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General Wonderment

Room 101

Many moons ago, my GCSE English teacher made us write a persuasive ‘Room 101’ speech. At the time, I had few cares in the world thus I threw some completely frivolous things into the pit of eternal damnation: namely, seagulls, feet and… something so pointless I can’t even remember it.

Now, with a few more wise years under my belt, I realise that feet, whilst I still hate them, are pretty necessary. Similarly, seagulls aren’t really that much of a hinderance to my everyday life. So it’s probably time to re-evaluate my list.

Firstly: incompetent people. So it might be totally un-PC to not accept this subculture as part of the rich tapestry of our diverse society. But really, just think how superior our lives could be without those little niggles causes by people getting things wrong.

However, once again, the ‘grown-up lobe’ of my brain started tingling as I realised that perhaps “incompetent people” would be too far-reaching. After all, without the newly employed Uber driver going round in circles, or the library worker issuing a card for Crowther, first name ‘The’ second name ‘Crow’, my anecdotes would be severely lacking in comedy at other people’s expense!

Thus I felt the need to specify, simplify, to streamline my search. Namely to people who can’t seem the differentiate between “your” and “you’re”, or “there”, “their” and “they’re”. Especially when making a heated retort; especially when they air their dirty laundry on Facebook (how very Jeremy Kyle.) This is partially because my inner grammar-nazi twitches uncomfortably at the sight of these words in their incorrect setting, but also because I believe this simple spelling test could be a window to the soul. A textual Tinder, if you will. Misusing “your” for “you’re” could instantly suggest a lack of care which seeps through into all other aspects of life and renders said person totally incompetent. It may seem shallow, but I’m swiping left.

Secondly: nail files; emery boards; whatever name you give them, they are a tool of the Devil’s own invention. If you can bring yourself to overlook the fact that they are a tool which shaves off particles of bone, with no means of catching said particles, thus leaving them to float freely in the air around, and air passages within, you, they still don’t get any better. They are a miniature, portable version of ‘nails being dragged down a blackboard’. They somehow blur the line between a woman’s make up bag and a carpentry toolkit. One’s hands are not an old piece of furniture in need of some TLC and a new lease of life. If you catch your nail on something, get the scissors out (or clippers, I won’t judge!); your fingertip will be rid of its annoyance within a fraction of a second, without the need to subject yourself and those around you to the torturous feel and sound of the gradual erosion of one’s skeletal matter. You wouldn’t allow someone to sit and grind their teeth at you, so why is nail grinding so socially acceptable, or even glamorous?! It must be stopped.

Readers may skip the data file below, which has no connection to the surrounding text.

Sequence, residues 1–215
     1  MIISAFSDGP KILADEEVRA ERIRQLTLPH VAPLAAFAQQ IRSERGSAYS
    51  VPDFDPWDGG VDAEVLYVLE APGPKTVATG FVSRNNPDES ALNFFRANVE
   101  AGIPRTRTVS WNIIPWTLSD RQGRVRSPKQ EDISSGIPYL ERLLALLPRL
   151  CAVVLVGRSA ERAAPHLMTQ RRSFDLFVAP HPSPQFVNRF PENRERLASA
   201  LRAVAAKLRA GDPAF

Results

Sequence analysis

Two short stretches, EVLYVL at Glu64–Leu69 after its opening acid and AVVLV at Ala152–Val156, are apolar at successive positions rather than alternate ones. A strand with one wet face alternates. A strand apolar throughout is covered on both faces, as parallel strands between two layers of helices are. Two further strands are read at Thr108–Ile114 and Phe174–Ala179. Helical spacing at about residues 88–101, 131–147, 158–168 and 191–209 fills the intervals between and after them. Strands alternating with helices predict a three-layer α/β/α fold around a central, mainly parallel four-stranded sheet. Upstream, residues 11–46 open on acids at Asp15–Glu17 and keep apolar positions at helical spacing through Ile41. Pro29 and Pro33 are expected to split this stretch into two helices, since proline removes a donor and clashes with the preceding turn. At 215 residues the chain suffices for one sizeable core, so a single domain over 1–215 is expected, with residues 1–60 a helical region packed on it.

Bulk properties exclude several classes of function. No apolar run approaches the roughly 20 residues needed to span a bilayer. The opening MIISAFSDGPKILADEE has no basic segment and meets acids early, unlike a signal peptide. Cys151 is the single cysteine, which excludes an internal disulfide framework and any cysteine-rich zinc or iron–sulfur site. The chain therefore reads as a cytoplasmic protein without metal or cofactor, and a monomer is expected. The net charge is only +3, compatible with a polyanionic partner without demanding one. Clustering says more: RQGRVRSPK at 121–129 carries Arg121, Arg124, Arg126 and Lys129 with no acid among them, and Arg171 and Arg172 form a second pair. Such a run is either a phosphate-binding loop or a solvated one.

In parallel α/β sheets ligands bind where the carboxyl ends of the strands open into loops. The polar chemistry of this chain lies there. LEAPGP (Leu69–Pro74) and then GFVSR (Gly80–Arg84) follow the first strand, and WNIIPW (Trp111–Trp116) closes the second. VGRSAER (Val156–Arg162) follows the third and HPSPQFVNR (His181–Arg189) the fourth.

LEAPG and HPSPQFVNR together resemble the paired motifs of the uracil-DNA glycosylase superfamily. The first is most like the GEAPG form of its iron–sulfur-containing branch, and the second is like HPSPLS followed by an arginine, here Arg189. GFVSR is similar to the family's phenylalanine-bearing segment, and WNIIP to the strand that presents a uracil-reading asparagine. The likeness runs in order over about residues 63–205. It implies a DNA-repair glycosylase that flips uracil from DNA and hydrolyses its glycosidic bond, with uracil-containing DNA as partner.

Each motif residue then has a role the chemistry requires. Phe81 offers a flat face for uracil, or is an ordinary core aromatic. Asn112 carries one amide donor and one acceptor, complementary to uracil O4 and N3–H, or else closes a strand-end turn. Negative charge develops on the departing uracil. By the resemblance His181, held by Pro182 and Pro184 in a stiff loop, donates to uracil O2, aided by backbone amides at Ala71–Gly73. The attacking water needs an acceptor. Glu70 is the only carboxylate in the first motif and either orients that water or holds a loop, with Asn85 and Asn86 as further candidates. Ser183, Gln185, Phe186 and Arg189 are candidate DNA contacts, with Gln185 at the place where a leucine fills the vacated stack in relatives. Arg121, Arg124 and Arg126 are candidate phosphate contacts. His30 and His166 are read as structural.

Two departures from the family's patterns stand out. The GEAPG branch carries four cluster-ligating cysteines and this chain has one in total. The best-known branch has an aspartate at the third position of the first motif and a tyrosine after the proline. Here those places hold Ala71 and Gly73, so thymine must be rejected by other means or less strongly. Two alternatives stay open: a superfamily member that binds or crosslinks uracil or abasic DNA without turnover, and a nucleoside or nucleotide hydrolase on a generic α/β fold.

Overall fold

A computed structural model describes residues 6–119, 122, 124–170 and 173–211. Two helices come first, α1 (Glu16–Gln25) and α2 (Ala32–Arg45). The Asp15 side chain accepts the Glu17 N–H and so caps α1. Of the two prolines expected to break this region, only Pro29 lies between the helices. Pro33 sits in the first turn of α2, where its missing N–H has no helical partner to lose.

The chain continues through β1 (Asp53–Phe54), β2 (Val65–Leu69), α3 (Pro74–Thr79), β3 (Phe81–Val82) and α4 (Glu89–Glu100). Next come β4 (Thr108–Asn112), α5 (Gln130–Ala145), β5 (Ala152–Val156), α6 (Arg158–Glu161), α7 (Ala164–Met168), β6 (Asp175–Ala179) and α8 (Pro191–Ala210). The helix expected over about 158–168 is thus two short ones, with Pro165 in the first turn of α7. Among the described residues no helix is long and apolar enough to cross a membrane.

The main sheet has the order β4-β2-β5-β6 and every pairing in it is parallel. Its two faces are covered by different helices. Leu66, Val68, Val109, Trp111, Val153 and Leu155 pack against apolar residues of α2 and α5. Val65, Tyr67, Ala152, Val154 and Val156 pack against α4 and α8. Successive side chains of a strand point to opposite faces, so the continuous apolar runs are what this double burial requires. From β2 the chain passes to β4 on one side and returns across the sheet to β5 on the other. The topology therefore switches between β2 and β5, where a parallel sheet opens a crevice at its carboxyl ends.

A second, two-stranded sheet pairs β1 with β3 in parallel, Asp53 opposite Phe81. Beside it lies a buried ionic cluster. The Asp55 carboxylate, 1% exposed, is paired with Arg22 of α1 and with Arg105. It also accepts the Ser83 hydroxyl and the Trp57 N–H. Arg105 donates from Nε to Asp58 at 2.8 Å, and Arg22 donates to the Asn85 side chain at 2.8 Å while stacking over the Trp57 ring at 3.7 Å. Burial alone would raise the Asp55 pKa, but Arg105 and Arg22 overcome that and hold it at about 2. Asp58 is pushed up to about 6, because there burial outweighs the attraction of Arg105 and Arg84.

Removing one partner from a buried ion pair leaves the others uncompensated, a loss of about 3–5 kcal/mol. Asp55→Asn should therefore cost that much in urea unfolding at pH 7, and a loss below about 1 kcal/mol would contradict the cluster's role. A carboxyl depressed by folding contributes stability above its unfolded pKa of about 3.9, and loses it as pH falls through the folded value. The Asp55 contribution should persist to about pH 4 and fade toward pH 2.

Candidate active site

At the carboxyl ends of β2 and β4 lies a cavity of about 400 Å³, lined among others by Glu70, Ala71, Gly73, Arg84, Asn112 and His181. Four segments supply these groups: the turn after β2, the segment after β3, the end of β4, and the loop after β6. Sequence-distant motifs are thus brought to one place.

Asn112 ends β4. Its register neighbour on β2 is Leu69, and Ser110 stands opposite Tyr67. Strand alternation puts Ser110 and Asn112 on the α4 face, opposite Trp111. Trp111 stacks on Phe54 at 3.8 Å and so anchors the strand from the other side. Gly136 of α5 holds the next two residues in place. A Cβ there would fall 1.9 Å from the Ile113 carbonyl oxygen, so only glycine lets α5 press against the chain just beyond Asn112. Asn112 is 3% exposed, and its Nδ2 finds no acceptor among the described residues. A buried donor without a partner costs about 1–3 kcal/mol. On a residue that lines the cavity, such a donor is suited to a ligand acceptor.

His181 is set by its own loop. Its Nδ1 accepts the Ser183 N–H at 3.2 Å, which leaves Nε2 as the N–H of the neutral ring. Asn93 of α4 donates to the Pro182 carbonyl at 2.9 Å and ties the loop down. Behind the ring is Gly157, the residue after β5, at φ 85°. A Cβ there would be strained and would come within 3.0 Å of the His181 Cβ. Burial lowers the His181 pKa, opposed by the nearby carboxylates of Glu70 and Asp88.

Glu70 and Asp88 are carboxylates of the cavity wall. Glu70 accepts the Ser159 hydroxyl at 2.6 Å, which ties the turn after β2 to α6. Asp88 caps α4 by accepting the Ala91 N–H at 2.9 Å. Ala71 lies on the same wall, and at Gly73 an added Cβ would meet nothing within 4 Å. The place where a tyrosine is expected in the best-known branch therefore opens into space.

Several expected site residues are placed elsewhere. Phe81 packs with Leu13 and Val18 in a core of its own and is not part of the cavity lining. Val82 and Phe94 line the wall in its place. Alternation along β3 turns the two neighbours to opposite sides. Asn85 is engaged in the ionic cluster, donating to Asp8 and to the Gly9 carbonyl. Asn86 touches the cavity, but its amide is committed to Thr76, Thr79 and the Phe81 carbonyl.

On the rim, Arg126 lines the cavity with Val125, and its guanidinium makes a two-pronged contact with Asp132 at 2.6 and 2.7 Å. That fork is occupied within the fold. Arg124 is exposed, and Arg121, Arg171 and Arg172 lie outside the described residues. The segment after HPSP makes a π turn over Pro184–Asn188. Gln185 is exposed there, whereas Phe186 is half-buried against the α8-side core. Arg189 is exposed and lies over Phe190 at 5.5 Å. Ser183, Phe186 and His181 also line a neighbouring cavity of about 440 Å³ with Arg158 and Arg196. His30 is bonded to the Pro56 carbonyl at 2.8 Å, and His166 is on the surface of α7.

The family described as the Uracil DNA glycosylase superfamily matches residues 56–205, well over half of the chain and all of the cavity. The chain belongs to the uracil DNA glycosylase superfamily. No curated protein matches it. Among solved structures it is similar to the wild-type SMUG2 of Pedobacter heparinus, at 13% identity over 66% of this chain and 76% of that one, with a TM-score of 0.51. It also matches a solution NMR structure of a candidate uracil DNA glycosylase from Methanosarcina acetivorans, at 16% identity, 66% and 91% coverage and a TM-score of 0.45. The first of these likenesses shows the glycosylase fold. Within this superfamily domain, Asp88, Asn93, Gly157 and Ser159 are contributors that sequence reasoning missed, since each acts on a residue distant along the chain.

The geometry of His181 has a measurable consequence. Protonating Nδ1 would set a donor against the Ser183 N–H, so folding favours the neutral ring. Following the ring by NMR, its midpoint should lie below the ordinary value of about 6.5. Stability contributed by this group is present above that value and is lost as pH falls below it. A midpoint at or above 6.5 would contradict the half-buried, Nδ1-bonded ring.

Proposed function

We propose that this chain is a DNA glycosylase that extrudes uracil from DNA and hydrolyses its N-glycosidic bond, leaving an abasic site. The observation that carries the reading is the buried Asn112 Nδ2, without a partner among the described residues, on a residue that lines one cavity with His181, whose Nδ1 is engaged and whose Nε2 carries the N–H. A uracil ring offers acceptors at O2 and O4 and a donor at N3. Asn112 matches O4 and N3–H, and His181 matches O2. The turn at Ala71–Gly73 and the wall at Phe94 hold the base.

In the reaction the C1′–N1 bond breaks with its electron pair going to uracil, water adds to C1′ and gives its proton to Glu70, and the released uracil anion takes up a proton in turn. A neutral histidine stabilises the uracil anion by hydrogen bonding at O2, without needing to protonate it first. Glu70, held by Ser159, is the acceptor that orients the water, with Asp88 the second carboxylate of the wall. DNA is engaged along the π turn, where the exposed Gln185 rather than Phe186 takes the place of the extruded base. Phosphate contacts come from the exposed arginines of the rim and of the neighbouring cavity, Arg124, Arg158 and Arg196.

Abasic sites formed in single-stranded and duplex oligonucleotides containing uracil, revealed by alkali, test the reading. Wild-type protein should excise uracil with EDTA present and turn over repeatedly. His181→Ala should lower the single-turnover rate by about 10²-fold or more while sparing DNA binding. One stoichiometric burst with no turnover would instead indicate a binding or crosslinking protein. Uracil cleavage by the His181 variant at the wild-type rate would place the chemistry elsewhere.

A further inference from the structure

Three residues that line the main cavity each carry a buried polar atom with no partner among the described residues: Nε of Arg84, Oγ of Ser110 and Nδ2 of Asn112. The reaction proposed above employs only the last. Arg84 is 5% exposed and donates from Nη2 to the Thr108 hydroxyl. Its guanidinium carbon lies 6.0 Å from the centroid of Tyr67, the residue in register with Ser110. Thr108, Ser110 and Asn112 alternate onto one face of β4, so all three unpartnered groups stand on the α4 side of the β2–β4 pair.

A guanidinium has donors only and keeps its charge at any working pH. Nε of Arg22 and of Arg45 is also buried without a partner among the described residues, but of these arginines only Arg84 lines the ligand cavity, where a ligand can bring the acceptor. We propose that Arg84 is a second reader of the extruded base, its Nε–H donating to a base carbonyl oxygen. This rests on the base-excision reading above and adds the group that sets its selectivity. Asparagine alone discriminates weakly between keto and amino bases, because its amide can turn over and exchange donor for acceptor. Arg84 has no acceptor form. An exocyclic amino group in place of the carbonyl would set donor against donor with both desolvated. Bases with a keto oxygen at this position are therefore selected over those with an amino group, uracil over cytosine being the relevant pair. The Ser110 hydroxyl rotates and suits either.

Finally (because you’re only ever allowed three, according to the laws of Room 101): Commuters on scooters. Despite the charm of their rhyming title, I am not referring to any chic image of hot mods, in suits, on Vespas. (Believe me, I think, if anything, we need a LOT more of those.) No, I am referring to the newfound acceptability of fully grown adults, functioning members of society, rushing down pavements on micro-scooters. Maybe it seemed the next logical step in the downsizing from car to bicycle to scooter, but that doesn’t mean it doesn’t look ridiculous. Picture Mr Incredible, far outsized for his vehicle, but throw in a pinch of ‘desperately running for one’s life…on one leg’.

What’s more, a scooter isn’t a big enough to hold its own on the harsh roads of London town, thus it’s relegated to the pavement. Once there, the scooter (referring now to the person scooting) has a choice to make: a) to scoot dangerously fast down the pedestrian highway, or b) to slow to the pace of the normal, walking people, thus rendering the scooter entirely pointless. It’s never going to be a worthwhile method of transport, so quit whilst you still can; before Boris comes up with his next genius invention: Santander Scooters.

Setting the record straight

Who am I? According to the internet

Let’s face it, we all love to give ourselves a good google.